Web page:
Published: 22/01/2014 10:49 - Updated: 22/01/2014 12:31

Stuart MacBride's Top 'Tecs

Stuart MacBride is watching the detectives.
Stuart MacBride is watching the detectives.

WITH Logan McRae of the Aberdeen police, Stuart MacBride has created one of Scotland’s most popular detectives.

McRae and his dysfunctional colleagues have appeared in eight novels to date, including a number of No.1 bestsellers.

But apart from McRae and Ash Henderson, who makes a second appearance in MacBride’s most recent book, A Song For The Dying, who are MacBride’s own top ‘tecs?

 Inspector Jack Frost. Creator R. D. Wingfield. Played by David Jason in the ITV series A Touch of Frost. "That was the first crime writer I read where he had more than one crime in each book. That was a real revelation to me. This is what it must be like to be a real police officer: you don’t just get one case at a time. Crime still goes on."

 Inspector John Rebus. Creator Ian Rankin. Played by John Hannah and Ken Stott in the ITV series. MacBride is far from the only Scottish writer who would acknowledge a debt to Ian Rankin, but as an unpublished author, he interviewed Rankin, who suggested Aberdeen would be an excellent location for a crime series.

Tony Hill. Creator Val McDermid. Played by Robson Green in the ITV series Wire In The Blood. A profiler rather than a policeman, the creation of Fife’s other crime writing star is "another great detective-y character" according to MacBride.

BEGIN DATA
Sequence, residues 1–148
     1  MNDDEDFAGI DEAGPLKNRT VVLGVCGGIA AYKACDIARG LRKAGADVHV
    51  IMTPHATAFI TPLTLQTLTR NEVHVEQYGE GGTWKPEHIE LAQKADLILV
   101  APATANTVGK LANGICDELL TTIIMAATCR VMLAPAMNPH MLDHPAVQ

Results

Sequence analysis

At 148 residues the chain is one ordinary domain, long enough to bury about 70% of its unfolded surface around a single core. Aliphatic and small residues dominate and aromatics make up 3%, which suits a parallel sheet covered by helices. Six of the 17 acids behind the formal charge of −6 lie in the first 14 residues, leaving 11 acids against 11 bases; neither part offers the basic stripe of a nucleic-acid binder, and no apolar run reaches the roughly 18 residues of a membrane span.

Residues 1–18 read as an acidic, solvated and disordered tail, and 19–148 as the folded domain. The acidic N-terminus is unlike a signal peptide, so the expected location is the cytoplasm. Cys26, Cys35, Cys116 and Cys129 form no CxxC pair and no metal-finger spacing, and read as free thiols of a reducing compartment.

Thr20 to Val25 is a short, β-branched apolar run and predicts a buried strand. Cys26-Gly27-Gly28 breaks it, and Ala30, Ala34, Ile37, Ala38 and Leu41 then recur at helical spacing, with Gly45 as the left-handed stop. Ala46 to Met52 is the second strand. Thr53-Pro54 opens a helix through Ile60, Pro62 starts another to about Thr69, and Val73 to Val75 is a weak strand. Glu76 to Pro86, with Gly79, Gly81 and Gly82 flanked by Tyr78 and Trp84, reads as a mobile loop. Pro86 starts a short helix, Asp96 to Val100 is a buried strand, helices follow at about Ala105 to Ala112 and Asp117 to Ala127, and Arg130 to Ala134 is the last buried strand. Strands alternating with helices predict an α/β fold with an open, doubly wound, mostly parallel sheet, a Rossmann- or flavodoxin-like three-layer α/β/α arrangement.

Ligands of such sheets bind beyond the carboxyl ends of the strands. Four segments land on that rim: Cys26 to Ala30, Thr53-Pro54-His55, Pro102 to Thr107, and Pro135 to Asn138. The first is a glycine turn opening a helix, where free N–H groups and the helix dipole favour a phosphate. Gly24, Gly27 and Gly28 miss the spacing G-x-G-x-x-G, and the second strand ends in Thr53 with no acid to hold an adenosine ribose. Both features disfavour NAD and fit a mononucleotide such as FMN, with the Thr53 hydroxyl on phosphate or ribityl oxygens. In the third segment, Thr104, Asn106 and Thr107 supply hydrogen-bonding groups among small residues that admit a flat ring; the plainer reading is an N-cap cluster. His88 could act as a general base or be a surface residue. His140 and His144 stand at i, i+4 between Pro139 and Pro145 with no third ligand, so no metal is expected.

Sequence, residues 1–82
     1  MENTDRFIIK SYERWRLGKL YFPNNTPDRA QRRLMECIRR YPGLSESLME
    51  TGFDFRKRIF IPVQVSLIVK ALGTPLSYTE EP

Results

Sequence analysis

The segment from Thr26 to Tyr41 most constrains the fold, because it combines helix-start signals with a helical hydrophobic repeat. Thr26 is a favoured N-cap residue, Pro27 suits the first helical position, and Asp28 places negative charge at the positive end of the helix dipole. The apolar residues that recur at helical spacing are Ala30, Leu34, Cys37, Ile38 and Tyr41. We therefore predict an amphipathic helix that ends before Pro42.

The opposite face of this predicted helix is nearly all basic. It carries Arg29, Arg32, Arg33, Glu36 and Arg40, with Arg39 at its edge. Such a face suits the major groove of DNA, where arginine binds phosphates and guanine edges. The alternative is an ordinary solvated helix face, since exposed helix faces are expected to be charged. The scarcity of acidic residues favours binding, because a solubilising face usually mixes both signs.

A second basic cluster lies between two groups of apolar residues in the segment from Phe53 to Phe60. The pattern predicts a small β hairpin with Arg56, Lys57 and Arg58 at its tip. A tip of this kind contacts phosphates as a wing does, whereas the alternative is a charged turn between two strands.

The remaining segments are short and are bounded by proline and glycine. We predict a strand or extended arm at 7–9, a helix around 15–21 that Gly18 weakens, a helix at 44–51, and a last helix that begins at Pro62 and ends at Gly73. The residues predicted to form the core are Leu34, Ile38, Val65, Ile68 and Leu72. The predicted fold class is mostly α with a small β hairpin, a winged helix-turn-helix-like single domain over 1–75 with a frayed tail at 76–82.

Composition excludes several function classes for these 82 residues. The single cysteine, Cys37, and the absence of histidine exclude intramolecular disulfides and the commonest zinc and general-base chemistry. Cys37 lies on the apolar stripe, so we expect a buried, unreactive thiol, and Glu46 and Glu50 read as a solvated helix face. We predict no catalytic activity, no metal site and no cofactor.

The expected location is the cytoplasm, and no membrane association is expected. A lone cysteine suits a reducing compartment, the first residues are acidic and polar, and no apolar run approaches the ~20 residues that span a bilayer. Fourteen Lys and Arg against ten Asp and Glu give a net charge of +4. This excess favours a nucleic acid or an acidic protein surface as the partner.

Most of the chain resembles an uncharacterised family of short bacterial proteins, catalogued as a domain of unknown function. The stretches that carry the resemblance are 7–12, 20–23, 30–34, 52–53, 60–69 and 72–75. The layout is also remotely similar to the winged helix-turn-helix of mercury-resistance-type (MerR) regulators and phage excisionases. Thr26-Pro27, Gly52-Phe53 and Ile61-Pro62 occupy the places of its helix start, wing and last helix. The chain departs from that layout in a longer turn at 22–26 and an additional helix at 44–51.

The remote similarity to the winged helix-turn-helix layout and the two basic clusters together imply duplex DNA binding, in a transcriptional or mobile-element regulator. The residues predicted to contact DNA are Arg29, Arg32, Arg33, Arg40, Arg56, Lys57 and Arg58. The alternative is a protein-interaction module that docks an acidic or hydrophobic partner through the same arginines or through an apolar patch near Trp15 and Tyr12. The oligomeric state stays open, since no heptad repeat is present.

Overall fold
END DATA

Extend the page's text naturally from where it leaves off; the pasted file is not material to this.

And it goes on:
Detective Inspector Henry Crabbe. Played by Richard Griffiths in the BBC1 series Pie in The Sky about a reluctant policeman who doubled as a restaurant owner and chef. "I used to love that show. Not a very likely detective and that’s what’s great about him. He’s completely unlikely to be doing what he is, but at the same time very good at it."

 Harry Dresden. Creator Jim Butcher. Played by Paul Blackthorne in the Sci-Fi Channel television series The Dresden Files. Private investigator and wizard (the only wizard in the Chicago Yellow Pages) who investigates supernatural crimes in modern day America. "It’s essentially crime fiction – so much of what is written is essentially crime fiction. Dickens was really a crime fiction writer, Shakespeare was as well. Beowulf was one of the first serial killer stories. Crime fiction is everywhere and I love it, and have ever since I was wee."

Stuart MacBride will be at Waterstones Inverness branch from 12.30pm on Saturday 25th January to sign copies of A Song For The Dying (published by Harper Collins) and chat to his readers.

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